Somatoform Disorder Specialists Blacksburg VA

Local resource for somatoform disorder specialists in Blacksburg. Includes detailed information on local clinics that provide access to somatoform disorder specialists, as well as advice and content on somatoform ailments, psychologists, and psychosomatic diseases.

Enrique Perez, MD
(540) 961-8300
700 University City Blvd
Blacksburg, VA
Specialties
Psychiatry
Gender
Male
Education
Medical School: Univ Of Va Sch Of Med, Charlottesville Va 22908
Graduation Year: 1986

Data Provided By:
Gary M Rooker, DO
(540) 381-5832
102 Miller St
Christiansburg, VA
Specialties
Psychiatry
Gender
Male
Education
Medical School: Mi State Univ, Coll Of Osteo Med, East Lansing Mi 48824
Graduation Year: 1991

Data Provided By:
Jasdeep Singh Miglani, MD
(540) 731-7311
2900 Lamb Cir
Christiansburg, VA
Specialties
Psychiatry
Gender
Male
Education
Medical School: Christian Med Coll, Punjab Univ, Ludhiana, Punjab, India
Graduation Year: 1997

Data Provided By:
David A Downs Jr, MD
(402) 572-2534
Radford, VA
Specialties
Geriatrics, Geriatric Psychiatry
Gender
Male
Education
Medical School: Univ Of Ne Coll Of Med, Omaha Ne 68198
Graduation Year: 1984

Data Provided By:
Sarah Knopp Williams, MD
(540) 731-3108
27 Round Hill Dr
Radford, VA
Specialties
Psychiatry
Gender
Female
Education
Medical School: East Carolina Univ Sch Of Med, Greenville Nc 27858
Graduation Year: 1988

Data Provided By:
Brian T Whitley, MD
Blacksburg, VA
Specialties
Psychiatry, Child & Adolescent Psychiatry
Gender
Male
Education
Medical School: Va Commonwealth Univ, Med Coll Of Va Sch Of Med, Richmond Va 23298
Graduation Year: 1996

Data Provided By:
Elizabeth Anne Yager, MD
3176 Country Meadow Dr
Christiansburg, VA
Specialties
Psychiatry
Gender
Female
Education
Medical School: Univ Of Ne Coll Of Med, Omaha Ne 68198
Graduation Year: 1979

Data Provided By:
David B Crowe, MD
(307) 789-3464
Route 11 Lee Highway
Radford, VA
Specialties
Psychiatry
Gender
Male
Education
Medical School: Georgetown Univ Sch Of Med, Washington Dc 20007
Graduation Year: 1985
Hospital
Hospital: Columbus Reg Hosp, Columbus, In; Winchester Med Ctr, Winchester, Va

Data Provided By:
Hal Gravley Gillespie, MD
(540) 731-1939
7457 Lee Hwy
Fairlawn, VA
Specialties
Psychiatry
Gender
Male
Education
Graduation Year: 2007

Data Provided By:
George Paul Hlusko Jr, MD
(540) 633-4568
7516 Lee Hwy
Radford, VA
Specialties
Psychiatry, Child & Adolescent Psychiatry
Gender
Male
Education
Medical School: Wv Univ Sch Of Med, Morgantown Wv 26506
Graduation Year: 1967

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Accurate Diagnosis First Step in Treating Somatoform Disorders

All patients with chronic physical pain are not alike and shouldn't be treated the same. That's the basis of this article on somatoform disorders. Somatoform disorders refer to aches and pains that are amplified (blown out of proportion) because of underlying psychologic or emotional distress. Vague complaints of muscle or joint pain, fatigue, stomach problems, numbness and tingling, headaches, and so on are typical physical complaints associated with somatoform disorders. But despite all medical tests and lab work ordered, the physician is unable to find anything wrong. Treatment is general, rather than specific to the problem.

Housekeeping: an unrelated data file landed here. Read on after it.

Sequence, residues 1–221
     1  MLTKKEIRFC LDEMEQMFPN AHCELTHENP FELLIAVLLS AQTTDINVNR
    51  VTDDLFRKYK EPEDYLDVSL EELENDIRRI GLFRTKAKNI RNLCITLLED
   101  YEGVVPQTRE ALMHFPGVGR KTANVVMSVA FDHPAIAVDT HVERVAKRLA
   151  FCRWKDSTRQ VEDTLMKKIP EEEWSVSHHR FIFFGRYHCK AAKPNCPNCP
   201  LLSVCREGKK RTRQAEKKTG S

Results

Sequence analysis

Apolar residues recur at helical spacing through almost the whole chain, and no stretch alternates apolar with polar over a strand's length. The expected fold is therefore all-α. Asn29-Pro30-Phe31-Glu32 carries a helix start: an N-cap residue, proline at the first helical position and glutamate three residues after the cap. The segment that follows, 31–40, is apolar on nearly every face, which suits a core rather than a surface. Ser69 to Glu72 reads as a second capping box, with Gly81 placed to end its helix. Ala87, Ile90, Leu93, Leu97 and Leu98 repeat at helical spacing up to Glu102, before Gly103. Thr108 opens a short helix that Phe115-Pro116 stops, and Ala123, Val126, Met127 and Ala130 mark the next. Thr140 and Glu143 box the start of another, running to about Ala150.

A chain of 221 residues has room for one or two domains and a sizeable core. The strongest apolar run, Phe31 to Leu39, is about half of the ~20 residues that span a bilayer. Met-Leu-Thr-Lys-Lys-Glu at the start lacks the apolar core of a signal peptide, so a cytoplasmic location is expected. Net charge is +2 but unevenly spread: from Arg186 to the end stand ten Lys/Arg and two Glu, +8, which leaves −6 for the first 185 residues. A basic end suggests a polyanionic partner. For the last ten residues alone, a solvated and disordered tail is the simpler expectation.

Somatoform disorders include a number of different problems all placed in this one category. These include somatization disorder, conversion disorder, hypochondriasis, body dysmorphic disorder, and factitious disorder. The common feature of all these disorders is symptom amplification. The main symptom is usually, but not always, pain. The lack of any evidence that there's anything physically wrong to explain these disorders has led some experts to suggest dropping somatoform disorders as a real diagnosis.

But that's where the authors of this article differ. They suggest that there's a definite need to look deeper and not only find ways to diagnose these problems but also to treat each one specifically. That's a concept they refer to as diagnosis-specific and patient specific treatment. And after briefly describing each condition, they offer some treatment guidelines with the hope that someday we will have specific guidelines for each different disorder, rather than general management techniques.

Health care professionals, especially psychologists and psychiatrists, depend on a publication put out by the American Psychiatric Association called the Diagnostic and Statistical Manual or DSM as it is more commonly referred to. The DSM includes criteria for each somatoform disorder such as signs and symptoms and known causes or risk factors. In addition to a brief review of each disorder, the authors added an extensive table comparing each disorder and offering physicians some treatment guidelines for each one.

Here's a brief summary of the main disorders. Somatization disorder includes vague reports of pain, gastrointestinal problems, sexual problems, and symptoms that suggest a neurologic problem but with no identifiable cause. The problems described by patients last for years and no medical condition can be found to explain them. Conversion disorder describes neurologic symptoms (e.g., numbness, paralysis, blindness, unable to speak) in response to mental, psychologic, and/or emotional stress. Usually, there is a conflict or stress that occurs just prior to the conversion taking place. In the past, conversion was referred to as hysteria. Women are affected more often than men (2:1 ratio).

Most people are familiar with the term hypochondriac -- someone who is always sick, afrai...

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